Brice: It’s hard to take off the promoter hat because for me it’s one in the same - my passion for these artists and what I’m specifically interested in seeing - but we’ll …just start from the top. Artists; it’s no surprise that I’m always excited to see [Kamasi Washington]. I had a chance to see him three times within the past few months and we’re going to be presenting him at the Webster Hall on January 14th. Washington will be performing again with the same group of L.A. musicians plus special guests that we’ve not yet announced. Vijay Iyer is going to close out the night on the ECM stage with his trio. His record release earlier this year Break Stuff is one of my picks of the year. Chicago drummer McCaya McCraven is performing at the Bitter End as part of the Revive Stage. His record In the Moment is also one of my top picks of the year. [I’m] excited to see him. There’s a vocalist performing the music of Gil Scott Heron and Brian Jackson, Charanee Wade and her group, signed to Motema records; they are performing at the New School, [I’m] excited to see that group. I actually have not seen that group live I’ve only heard the music.
Simon: Shout out to Mark Ruffin who produced that record.
Brice: Nice. That’s right. Another group that I have not seen live yet, but I’ve heard the record and [I’m] excited to see them when they come over state side from Manchester: Go Go Penguin; newly signed to Blue Note Records. They’re going to be performing at Le Poisson Rouge on the Saturday night January 15 as a part of the Winter Jazz Fest Marathon. So there you have it.
Simon: Go Go Penguin received some great prize in Europe right? What did they win recently?
Brice: They’re nominated for the Mercury Prize.
Simon: Nominated for the Mercury Prize, which is like what-the Grammy of Europe?
Brice: Every year they give the Mercury Prize to the best up and coming UK artists. So they’re nominated, I think, among another eight or nine different groups. It’s special that for them, being nominated as a jazz group, [as] it’s mostly been given to a pop group.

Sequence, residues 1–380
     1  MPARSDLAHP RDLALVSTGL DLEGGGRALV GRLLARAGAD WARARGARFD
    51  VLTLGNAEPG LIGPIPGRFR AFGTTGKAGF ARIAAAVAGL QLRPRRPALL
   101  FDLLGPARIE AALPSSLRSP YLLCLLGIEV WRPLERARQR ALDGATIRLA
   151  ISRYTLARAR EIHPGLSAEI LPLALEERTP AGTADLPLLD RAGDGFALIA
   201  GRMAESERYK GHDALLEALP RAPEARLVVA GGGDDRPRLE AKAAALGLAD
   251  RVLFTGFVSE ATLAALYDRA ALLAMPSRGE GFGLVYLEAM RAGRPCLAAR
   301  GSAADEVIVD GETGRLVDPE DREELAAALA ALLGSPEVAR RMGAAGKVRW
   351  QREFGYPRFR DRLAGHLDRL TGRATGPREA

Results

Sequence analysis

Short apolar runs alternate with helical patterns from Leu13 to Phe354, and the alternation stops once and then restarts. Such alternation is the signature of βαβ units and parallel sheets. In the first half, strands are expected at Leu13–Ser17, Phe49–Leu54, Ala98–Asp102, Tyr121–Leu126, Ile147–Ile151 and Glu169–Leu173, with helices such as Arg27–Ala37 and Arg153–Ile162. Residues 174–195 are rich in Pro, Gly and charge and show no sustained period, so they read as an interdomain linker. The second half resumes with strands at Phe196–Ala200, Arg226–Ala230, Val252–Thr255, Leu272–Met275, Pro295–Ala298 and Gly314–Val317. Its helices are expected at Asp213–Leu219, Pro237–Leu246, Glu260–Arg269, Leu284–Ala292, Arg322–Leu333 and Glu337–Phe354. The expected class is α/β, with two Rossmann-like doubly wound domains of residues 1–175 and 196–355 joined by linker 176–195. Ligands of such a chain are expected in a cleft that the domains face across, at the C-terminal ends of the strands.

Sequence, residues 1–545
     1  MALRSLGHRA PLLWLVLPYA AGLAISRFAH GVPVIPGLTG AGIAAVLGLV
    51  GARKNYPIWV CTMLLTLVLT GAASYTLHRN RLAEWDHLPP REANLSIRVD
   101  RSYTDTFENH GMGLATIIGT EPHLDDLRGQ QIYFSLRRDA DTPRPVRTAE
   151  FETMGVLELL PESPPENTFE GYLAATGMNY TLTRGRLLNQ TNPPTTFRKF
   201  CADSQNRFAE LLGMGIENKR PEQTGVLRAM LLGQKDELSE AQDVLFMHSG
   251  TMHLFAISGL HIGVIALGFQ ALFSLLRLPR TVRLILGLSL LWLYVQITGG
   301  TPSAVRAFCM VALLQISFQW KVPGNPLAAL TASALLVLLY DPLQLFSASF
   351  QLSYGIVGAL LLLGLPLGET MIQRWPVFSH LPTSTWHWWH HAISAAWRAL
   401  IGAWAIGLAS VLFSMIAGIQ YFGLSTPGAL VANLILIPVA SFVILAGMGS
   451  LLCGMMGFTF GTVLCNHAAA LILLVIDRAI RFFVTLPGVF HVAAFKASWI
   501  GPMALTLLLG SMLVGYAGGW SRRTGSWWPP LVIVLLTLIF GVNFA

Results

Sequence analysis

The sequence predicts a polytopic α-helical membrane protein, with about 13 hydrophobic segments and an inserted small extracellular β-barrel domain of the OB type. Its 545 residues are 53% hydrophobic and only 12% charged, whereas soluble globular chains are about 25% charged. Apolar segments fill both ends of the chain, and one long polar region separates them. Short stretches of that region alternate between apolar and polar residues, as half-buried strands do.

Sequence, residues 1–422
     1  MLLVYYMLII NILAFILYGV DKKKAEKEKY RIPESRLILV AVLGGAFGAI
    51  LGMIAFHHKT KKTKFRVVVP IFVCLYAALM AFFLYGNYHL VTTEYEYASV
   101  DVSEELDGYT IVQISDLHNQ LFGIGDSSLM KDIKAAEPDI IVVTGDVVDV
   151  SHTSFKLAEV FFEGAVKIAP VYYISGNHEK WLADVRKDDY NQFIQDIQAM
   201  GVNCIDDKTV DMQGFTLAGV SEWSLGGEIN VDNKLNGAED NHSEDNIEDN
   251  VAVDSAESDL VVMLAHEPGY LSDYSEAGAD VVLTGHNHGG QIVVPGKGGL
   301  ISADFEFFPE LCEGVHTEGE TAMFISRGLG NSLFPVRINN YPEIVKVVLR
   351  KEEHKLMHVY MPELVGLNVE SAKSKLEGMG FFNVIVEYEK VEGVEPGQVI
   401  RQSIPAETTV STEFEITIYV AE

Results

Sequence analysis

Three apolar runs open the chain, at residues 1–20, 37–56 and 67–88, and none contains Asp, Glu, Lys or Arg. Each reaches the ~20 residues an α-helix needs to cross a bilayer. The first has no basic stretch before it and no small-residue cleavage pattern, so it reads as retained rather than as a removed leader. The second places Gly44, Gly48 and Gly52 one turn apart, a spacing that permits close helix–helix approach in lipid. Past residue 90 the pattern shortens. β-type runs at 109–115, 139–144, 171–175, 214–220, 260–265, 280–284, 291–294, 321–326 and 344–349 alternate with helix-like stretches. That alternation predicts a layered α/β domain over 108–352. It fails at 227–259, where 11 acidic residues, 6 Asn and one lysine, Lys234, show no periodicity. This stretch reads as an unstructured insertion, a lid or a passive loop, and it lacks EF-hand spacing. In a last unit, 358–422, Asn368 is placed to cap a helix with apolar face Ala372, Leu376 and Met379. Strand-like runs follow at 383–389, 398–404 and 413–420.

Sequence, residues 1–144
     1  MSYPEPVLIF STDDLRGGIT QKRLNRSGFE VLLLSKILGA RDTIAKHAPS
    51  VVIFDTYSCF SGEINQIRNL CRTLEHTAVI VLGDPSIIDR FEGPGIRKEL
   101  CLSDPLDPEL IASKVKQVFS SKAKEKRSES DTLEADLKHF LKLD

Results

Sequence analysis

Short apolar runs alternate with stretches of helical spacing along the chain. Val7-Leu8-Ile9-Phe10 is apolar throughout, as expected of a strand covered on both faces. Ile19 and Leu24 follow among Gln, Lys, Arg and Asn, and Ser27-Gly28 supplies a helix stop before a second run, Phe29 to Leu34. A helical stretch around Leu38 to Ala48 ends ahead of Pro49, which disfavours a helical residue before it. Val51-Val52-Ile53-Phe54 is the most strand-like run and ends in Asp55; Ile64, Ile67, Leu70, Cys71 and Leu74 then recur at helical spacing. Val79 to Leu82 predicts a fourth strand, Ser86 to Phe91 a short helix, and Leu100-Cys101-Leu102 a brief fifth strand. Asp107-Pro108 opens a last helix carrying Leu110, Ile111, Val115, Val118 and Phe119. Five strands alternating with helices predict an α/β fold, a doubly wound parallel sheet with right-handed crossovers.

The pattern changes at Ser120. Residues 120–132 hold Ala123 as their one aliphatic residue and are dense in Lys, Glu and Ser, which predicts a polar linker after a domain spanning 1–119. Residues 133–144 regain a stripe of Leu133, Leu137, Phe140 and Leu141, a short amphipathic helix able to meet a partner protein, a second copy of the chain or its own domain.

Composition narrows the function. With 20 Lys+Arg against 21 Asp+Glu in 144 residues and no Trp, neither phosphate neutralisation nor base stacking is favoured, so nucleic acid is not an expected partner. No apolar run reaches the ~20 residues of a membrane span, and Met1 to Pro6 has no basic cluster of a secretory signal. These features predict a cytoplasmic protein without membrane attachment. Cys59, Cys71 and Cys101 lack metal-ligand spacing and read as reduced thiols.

Simon: And if you were to describe Go Go Penguin’s sound, I would say they’re sort of like a cross between EST and the Bad Plus; one of these sort of minimalist rock jazz enterprises.
Brice: Yea, power trio. Exactly. Lots of energy.
Simon: Power trio. Power jazz. Power to the people. The Winter Jazz Festival continues in its 12th year. I thank Brice Rosenbloom for joining us to talk about it. And we’ll see you this year in the winter time in Greenwich Village.
Brice: Thank you Simon.
© 2016 WBGO
January 1, 2016. Posted by David Tallacksen.
Natalie Cole, the Grammy-award winning singer and daughter legendary entertainer Nat King Cole has died. She was 65.
According to a statement from her family, Cole passed away Thursday night at a Los Angeles hospital "due to complications from ongoing medical issues."
"It is with heavy hearts that we bring to you all the news of our Mother and sister's passing. Natalie fought a fierce, courageous battle, dying how she lived..with dignity, strength and honor. Our beloved Mother and sister will be greatly missed and remain UNFORGETTABLE in our hearts forever."
Cole's longtime collaborator Tony Bennett confirmed the news to NPR Weekend Edition Saturday host Scott Simon after speaking with Cole's family:
"I am deeply saddened to hear of the passing of Natalie Cole as I have cherished the long friendship I had with her, her father Nat and the family over the years. Natalie was an exceptional jazz singer and it was an honor to have recorded and performed with her on several occasions. She was a lovely and generous person who will be greatly missed."
Cole recorded her first album in 1975 and quickly found success. That album included one of her biggest hits, "This Will Be," which earned her her first Grammy award.
Cole struggled with substance abuse and a series of health problems, but re-emerged to deliver the 1991 album Unforgettable ... with Love. The hit song "Unforgettable" blended together recordings of her father and her own tracks, making it sound like the two were singing a duet.
In a 2013 interview with Scott Simon on Weekend Edition, she spoke about the experience of starting out in the music industry:
"When I first started to sing, the last thing I wanted to do was sing my dad's music. ... It took 15 years into my career before I felt comfortable and confident enough to even attempt it, singing my father's music."
WBGO will feature musical tributes to Cole all weekend.
WBGO's Sheila Anderson remembers Natalie Cole on NBC NY.
© 2016 WBGO